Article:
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Introductie Windows Server 2016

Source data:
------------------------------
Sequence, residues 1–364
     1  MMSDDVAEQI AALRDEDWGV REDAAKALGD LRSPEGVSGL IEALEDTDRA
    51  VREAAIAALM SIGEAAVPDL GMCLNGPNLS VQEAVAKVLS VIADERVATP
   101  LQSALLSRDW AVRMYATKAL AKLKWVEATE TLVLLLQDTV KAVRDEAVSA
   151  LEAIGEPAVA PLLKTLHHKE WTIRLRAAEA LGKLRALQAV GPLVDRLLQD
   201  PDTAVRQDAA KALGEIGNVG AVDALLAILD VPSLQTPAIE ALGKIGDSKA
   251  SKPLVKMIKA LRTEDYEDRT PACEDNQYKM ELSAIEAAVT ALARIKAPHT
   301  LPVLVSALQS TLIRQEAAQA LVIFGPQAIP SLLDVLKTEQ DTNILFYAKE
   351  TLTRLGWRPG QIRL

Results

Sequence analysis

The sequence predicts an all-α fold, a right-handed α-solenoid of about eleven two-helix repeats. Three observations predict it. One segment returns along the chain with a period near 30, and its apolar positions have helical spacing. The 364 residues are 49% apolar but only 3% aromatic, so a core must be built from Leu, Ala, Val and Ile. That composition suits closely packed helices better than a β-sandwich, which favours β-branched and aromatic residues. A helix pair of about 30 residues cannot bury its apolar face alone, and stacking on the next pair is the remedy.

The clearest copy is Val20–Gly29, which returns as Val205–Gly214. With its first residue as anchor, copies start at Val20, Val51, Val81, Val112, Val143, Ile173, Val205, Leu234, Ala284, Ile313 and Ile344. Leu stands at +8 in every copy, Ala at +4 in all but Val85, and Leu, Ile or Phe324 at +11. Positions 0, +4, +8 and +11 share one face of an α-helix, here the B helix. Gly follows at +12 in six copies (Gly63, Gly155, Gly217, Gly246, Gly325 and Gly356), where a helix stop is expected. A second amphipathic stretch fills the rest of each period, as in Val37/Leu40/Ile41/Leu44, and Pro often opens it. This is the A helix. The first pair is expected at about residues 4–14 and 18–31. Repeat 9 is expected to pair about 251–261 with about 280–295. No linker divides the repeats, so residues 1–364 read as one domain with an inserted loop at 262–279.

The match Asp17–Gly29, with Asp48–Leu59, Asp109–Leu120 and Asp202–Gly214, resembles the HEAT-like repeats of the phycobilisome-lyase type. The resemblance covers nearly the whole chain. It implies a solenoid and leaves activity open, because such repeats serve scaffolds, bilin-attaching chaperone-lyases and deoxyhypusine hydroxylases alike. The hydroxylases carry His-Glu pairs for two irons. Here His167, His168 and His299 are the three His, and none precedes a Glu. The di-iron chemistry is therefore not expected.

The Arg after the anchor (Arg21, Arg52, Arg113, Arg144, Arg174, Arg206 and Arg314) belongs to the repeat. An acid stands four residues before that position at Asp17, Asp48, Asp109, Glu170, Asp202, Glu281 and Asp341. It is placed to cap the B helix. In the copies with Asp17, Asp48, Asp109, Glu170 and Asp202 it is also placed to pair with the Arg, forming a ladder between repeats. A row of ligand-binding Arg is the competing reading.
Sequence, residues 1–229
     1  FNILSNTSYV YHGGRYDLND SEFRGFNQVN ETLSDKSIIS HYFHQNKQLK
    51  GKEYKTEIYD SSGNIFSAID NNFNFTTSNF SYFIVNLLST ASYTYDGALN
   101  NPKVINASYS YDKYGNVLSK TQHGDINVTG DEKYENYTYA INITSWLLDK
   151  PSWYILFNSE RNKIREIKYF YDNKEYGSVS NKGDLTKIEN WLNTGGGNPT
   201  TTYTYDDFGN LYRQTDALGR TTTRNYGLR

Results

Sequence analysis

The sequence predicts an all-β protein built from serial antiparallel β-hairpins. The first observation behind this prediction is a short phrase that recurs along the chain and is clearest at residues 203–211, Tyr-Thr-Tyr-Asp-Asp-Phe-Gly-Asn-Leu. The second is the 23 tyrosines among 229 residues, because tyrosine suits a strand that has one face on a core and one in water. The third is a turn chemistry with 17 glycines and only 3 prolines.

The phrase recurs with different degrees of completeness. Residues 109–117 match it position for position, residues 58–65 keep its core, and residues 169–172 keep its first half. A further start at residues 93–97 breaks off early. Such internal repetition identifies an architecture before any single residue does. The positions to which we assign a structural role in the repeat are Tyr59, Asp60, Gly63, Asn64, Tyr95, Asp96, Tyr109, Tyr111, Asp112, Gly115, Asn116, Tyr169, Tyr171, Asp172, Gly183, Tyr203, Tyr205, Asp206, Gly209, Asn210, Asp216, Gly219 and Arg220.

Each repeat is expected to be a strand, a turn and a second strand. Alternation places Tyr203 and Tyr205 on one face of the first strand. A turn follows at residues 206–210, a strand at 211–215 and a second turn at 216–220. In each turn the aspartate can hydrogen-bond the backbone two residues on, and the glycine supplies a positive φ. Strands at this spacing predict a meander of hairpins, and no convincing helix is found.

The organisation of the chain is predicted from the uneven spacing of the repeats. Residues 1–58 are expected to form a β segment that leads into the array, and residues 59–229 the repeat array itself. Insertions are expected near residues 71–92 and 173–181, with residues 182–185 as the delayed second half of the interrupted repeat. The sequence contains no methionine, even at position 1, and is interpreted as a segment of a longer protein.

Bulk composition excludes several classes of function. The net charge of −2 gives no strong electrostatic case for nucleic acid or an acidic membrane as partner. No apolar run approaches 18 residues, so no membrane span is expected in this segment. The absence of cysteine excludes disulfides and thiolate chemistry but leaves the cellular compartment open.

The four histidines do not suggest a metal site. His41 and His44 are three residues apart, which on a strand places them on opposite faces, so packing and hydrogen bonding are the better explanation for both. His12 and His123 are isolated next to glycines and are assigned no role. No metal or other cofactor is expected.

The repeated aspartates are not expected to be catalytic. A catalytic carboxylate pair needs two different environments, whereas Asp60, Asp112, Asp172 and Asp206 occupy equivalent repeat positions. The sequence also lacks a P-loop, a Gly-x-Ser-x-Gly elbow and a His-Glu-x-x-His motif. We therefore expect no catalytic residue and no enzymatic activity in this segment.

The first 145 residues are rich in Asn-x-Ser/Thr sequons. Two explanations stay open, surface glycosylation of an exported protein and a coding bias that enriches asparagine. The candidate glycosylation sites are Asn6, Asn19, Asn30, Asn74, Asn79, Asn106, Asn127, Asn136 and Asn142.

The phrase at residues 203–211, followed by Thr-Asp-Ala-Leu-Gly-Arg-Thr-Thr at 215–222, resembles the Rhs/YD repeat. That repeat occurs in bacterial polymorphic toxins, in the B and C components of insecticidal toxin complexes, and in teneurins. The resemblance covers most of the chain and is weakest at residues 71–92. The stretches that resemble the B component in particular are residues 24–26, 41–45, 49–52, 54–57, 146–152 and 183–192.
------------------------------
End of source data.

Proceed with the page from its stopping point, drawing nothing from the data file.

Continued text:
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125 C H A P T E R 6 | App Plat Specializing Nano Server Just like Server Core, you can use a subset of what is available via Unattend to specialize a Nano Server image. In an effort to further reduce the deployment time beyond just the smaller footprint, a couple of commonly used unattend settings are available to set offline: Computer name Domain join using Djoin.exe More info For information on how to perform offline domain join using Djoin.exe, see https://technet.microsoft.com/library/offline-domain-join-djoin-step-by-step(v=ws.10).aspx. When you deploy a Nano Server image with these settings configured in the offline section of the unattend file, Nano Server is specialized on first startup. This eliminates the second startup that occurs with Server Core during specialization, further reducing deployment time. Remotely managing Nano Server Nano Server is truly headless—there is no way to sign in locally or to use Remote Desktop to connect remotely. Both of these have dependencies that would require including frequently serviced features, so they are not available in Nano Server. As a result, you must perform all Nano Server management remotely, either via Windows PowerShell, Windows Management Instrumentation (WMI), Windows Remote Shell (WinRS), Emergency Management Services (EMS), or remote GUI tools. Note The options discussed in this section to remotely manage Nano Server are the same mechanisms that you can use to remotely manage Server Core. The only difference in managing Nano Server is that you must do it all remotely. Windows PowerShell Nano Server includes a refactored subset of Windows PowerShell called Core PowerShell, which is based on the CoreCLR. Core PowerShell provides the following: Full Windows PowerShell language compatibility Full Windows PowerShell remoting Most core engine features Support for all cmdlet types, including C#, Windows PowerShell, and CIM Because Nano Server includes Core PowerShell, it is possible to use PowerShell Remoting to manage Nano Server. To do so, you need to be an administrator on the Nano Server machine and add its IP address to the management machine's trusted hosts. To do that, from an elevated Windows PowerShell prompt, run the following command (which, for this example, assumes the Nano Server machine's IP address is 192.168.1.10): PS C:\> Set-Item WSMan:\localhost\Client\TrustedHosts "192.168.1.10" Next, you need to make yourself an administrator on the Nano Server machine by using the following WinRS command (chcp is used to set the code page) from an elevated command prompt: C:\> chcp 65001 C:\> Winrs –r:192.168.1.10 –u:192.168.1.10\Administrator –p:NanoServer net localgroup Administrators /add domain\username

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